We are in B2B business and tried paid advertising on Facebook, Twitter and LinkedIn. Although LinkedIn offers the best platform for targeting the right people within any organization (perfect for account based marketing), CPC is too high and we found it’s not very effective in terms of lead generation and ROI for our product.
We’ve recently tested and launched remarketing campaigns on Twitter and Facebook. With decent website traffic, we are now capturing all visitors and adding them to remarketing lists and then we’d show them ads on social media and ask to follow our accounts. We also use those lists to build Similar Audiences to reach people with similar interests who’ve never heard about our product. Besides low cost leads and website visits we also get a good amount of new targeted followers and increased organic traffic from social media overall.
Please do send your tips here (or share the link with someone you know tried social media ads and has something to share).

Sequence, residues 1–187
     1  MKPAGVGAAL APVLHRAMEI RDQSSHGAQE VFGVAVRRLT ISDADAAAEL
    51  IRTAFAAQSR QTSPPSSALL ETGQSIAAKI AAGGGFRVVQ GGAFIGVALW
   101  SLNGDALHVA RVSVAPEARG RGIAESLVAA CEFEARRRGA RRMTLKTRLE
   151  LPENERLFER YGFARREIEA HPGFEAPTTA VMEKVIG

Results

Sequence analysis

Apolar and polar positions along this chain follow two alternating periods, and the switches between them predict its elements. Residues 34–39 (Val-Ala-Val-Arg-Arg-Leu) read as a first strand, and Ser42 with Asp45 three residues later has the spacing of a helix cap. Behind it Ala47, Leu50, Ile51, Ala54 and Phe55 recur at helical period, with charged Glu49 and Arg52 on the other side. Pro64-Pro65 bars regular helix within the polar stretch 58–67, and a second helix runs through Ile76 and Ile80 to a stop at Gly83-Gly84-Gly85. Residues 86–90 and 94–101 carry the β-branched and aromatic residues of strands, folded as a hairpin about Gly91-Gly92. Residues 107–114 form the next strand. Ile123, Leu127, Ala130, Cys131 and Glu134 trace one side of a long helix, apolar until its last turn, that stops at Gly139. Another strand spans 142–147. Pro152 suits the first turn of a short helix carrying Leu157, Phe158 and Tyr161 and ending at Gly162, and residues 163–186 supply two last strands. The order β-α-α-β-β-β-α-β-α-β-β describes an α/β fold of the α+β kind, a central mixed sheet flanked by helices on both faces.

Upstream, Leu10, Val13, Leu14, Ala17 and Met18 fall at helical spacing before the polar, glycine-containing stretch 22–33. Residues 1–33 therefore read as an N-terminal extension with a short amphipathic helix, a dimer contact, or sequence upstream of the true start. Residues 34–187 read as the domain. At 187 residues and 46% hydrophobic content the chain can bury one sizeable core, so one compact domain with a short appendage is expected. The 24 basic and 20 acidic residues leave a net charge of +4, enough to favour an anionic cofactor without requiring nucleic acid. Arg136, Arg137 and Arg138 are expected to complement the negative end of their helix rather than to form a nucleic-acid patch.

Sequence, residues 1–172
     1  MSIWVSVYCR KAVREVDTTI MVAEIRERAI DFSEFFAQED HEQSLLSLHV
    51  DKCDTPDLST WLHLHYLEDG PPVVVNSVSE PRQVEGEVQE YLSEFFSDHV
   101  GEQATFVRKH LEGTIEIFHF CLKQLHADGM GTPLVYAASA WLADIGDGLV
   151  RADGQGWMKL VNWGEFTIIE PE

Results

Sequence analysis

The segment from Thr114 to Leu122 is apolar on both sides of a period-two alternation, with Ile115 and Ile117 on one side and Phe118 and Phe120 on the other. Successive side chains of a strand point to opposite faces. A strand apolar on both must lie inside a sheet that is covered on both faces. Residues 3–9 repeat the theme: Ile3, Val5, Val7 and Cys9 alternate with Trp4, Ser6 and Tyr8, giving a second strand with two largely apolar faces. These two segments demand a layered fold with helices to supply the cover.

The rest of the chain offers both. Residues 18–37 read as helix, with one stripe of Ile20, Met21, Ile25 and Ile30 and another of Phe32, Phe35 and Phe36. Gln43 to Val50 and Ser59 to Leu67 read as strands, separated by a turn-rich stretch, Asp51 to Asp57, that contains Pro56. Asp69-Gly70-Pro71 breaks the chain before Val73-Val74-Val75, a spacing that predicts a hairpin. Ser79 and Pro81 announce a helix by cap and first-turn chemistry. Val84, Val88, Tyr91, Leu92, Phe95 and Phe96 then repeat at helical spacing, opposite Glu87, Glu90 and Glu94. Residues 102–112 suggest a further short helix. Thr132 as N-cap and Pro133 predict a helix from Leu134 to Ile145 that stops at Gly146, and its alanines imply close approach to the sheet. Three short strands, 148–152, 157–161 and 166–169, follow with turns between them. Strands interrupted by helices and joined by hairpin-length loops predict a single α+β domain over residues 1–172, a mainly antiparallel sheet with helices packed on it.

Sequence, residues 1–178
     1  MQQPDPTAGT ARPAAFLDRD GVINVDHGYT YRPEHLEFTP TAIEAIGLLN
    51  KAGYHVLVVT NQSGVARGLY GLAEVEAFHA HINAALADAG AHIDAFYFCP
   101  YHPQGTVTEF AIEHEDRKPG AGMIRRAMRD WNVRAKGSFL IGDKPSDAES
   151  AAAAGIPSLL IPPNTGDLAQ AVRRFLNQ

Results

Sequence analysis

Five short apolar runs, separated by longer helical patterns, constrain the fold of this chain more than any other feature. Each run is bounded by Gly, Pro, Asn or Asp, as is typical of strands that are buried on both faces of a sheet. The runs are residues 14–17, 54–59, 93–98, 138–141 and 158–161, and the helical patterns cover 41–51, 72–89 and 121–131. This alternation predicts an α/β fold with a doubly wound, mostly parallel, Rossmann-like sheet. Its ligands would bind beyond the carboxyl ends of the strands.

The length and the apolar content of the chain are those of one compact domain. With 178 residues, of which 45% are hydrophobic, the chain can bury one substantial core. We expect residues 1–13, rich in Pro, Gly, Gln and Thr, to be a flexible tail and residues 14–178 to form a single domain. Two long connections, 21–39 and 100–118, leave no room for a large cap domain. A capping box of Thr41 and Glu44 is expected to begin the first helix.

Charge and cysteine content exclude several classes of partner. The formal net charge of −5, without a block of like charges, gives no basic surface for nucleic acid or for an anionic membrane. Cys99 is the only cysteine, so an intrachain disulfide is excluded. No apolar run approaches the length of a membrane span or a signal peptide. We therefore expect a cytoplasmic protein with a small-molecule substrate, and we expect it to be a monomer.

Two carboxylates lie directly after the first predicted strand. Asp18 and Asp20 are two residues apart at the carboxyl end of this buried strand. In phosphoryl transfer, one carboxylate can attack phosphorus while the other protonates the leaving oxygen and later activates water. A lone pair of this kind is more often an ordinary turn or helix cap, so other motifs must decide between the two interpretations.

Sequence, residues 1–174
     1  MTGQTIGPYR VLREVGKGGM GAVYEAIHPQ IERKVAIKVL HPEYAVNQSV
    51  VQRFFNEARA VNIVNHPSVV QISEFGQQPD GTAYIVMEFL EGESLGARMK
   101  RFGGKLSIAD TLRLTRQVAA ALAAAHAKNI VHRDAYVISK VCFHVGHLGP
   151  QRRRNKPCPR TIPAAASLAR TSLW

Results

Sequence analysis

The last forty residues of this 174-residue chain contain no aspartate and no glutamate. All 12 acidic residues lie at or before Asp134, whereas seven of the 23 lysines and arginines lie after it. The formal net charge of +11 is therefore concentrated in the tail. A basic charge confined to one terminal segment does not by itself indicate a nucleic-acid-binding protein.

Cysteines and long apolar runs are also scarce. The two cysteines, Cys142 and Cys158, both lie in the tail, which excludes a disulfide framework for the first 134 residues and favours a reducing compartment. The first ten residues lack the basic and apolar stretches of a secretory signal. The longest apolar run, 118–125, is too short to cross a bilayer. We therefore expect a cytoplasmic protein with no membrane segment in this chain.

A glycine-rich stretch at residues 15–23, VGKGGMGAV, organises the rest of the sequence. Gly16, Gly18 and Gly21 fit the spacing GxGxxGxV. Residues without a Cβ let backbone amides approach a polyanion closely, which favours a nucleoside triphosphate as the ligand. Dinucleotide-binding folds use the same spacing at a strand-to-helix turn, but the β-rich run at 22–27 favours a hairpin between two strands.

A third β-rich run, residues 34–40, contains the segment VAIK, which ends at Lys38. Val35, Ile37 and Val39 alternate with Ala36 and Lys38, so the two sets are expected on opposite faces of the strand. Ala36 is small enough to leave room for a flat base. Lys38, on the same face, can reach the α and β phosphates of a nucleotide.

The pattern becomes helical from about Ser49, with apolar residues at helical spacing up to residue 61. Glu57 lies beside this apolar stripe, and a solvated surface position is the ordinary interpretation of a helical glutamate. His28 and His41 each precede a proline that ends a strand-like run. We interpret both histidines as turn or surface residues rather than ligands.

Use Facebook A/B Testing
Tim Felmingham @timfel has contributed a great idea:
I use Facebook Ads a lot. They can be very successful if you get them optimised correctly, but equally they can burn money at an alarming rate if you get them wrong!
One of the keys to success with Facebook Ads is split-testing – testing two variations of an ad against each other to see which performs best, and then killing off the least successful variant.
You can (and should) split test headlines, images, copy, and targeting to optimise your ads.
The trouble is, you can only split test two things at a time, and you need quite a lot of data to be able to make reliable assessments of which is the better performer. So to fully optimise an ad can take quite a lot of time (and money), especially if you target lots of interests.
One of the most useful tools I’ve found to help with this is ConnectExplore from @connectio_io.
This will let you run a single ad targeting several interests at the same time, and it will then report click through rates etc for each interest.